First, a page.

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Love Makes Us Happier Than Money (But Ask for a Raise Anyway)

Topics: Data & Research
Having a partner has a bigger positive impact on happiness than earning more money, according to recent research from the London School of Economics.
happy at work
Image Credit: giumaiolini/Flickr

Based on survey data from over 200,000 respondents in Australia, Britain, Germany, and the U.S., researchers determined how much various factors affect life satisfaction. The factors included economic measures, like income and employment status, health factors related to physical and emotional well-being, and partner status.

The big takeaway: being partnered affects happiness more than any other factor except mental health.

“The partial correlation coefficient on income is 0.09, which means that less than 1% of the variance of life satisfaction is explained by income inequality,” researchers write. By contrast, the partial correlation coefficient on being partnered in a happy relationship is 0.11.

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Well-Being Creation Instead of Wealth Creation

Professor Richard Layard, a co-author of the research, told the BBC that this shows that countries need to shift their focus to “well-being creation” instead of “wealth creation.”

“The evidence shows that the things that matter most for our happiness and for our misery are our social relationships and our mental and physical health,” he told the BBC. “In the past, the state has successively taken on poverty, unemployment, education and physical health. But equally important now are domestic violence, alcoholism, depression and anxiety conditions, alienated youth, exam-mania and much else. These should become centre stage.”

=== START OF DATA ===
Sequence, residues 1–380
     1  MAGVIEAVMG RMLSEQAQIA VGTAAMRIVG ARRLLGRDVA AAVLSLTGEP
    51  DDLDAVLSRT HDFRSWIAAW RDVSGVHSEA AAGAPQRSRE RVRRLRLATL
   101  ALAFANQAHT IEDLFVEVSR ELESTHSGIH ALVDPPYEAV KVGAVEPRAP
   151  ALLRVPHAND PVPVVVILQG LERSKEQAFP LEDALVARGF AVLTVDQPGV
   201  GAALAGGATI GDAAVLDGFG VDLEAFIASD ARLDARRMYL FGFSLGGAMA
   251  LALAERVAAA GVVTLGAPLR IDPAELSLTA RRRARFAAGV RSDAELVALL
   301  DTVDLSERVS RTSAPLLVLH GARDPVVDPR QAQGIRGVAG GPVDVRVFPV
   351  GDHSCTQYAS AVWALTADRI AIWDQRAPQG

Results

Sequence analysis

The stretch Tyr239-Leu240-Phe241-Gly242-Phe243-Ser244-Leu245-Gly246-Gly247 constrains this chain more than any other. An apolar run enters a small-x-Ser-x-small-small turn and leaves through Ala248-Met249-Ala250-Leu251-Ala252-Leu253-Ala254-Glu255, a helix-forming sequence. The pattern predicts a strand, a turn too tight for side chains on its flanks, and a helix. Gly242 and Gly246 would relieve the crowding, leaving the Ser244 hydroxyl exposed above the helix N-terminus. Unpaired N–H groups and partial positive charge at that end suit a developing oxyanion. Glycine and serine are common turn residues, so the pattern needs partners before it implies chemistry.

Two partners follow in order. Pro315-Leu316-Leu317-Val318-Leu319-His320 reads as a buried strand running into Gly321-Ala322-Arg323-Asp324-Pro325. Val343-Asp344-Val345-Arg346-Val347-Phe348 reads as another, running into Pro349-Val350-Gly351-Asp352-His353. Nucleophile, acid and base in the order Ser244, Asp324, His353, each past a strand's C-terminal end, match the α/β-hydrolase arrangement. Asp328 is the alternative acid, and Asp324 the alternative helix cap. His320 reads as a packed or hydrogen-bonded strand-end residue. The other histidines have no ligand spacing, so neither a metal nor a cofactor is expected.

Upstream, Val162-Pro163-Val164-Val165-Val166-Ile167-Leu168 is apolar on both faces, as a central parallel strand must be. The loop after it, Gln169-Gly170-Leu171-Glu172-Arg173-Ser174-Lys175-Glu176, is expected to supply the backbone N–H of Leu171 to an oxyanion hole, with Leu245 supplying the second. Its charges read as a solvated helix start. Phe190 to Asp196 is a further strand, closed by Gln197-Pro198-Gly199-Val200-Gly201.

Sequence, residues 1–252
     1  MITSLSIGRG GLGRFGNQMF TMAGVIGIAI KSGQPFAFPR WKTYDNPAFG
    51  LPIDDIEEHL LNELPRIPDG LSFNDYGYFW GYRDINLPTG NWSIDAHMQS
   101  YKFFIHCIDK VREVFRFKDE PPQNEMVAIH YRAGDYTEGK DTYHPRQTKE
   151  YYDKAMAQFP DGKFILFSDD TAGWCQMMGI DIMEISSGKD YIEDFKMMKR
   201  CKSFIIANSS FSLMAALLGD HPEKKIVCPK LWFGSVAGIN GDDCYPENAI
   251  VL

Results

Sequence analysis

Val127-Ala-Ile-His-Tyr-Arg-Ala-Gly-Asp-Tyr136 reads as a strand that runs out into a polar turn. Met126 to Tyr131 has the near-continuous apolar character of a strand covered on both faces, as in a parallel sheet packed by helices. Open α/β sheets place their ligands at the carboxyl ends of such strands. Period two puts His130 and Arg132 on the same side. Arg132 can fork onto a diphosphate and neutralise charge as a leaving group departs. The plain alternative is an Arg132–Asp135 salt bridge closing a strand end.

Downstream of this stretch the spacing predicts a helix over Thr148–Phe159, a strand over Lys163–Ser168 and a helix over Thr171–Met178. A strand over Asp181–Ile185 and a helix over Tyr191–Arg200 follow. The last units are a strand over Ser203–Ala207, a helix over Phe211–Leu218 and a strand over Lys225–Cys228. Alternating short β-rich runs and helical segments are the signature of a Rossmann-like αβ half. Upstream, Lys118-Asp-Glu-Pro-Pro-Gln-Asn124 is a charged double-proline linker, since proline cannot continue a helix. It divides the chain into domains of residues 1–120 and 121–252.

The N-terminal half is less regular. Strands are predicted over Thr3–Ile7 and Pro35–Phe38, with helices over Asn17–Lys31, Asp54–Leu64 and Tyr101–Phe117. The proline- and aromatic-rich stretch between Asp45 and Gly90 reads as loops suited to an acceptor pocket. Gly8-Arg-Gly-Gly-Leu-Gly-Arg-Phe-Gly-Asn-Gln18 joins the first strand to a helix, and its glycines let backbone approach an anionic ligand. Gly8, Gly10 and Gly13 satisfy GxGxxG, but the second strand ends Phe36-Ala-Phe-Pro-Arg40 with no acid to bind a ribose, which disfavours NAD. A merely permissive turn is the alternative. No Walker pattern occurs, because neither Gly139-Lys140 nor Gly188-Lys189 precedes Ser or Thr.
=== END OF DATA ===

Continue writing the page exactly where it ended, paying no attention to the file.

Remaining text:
What Does This Mean for You?

It certainly does not mean that you should accept the status quo, in regard to your salary. Nor does this research suggest that work has no impact on our happiness. Unemployment, for example, had a strong negative effect on respondents’ life satisfaction, as you might expect.

One way to look at this research is as a reminder that we should be working to live, not living to work.

“Making little choices every day to put your relationship first, along with your physical and mental health, is what will ultimately bring you joy,” writes Charlotte Hilton Andersen at Shape. “You don’t need to give up your dream job for a man but make sure you step away from the computer from time to time too.”

In short, when you’re contemplating a new job, make sure you take into account all the things that go into creating a successful career and life. Ask for the salary you deserve, negotiate for benefits that will make it easier to balance life and work — and pay attention to corporate culture. If it seems like you’re never going to be able to leave the office and get back to your life, all the money in the world won’t make a difference to your personal happiness.

h/t: The Telegraph

Tell Us What You Think

Do these findings resonate with you, or would you rather have the cash, thanks? Tell us your thoughts in the comments or join the conversation on Twitter.

Jen Hubley Luckwaldt
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